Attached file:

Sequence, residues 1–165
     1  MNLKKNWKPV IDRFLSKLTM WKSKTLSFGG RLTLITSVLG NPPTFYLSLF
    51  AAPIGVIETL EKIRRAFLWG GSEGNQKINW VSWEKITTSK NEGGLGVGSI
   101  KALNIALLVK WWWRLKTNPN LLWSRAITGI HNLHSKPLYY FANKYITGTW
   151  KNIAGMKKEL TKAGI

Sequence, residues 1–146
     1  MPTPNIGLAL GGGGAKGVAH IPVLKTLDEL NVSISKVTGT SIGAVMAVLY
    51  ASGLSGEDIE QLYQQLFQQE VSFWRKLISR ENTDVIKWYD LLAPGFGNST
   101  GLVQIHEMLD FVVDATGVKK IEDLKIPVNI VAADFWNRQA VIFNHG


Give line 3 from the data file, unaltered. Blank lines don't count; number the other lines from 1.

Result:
    51  AAPIGVIETL EKIRRAFLWG GSEGNQKINW VSWEKITTSK NEGGLGVGSI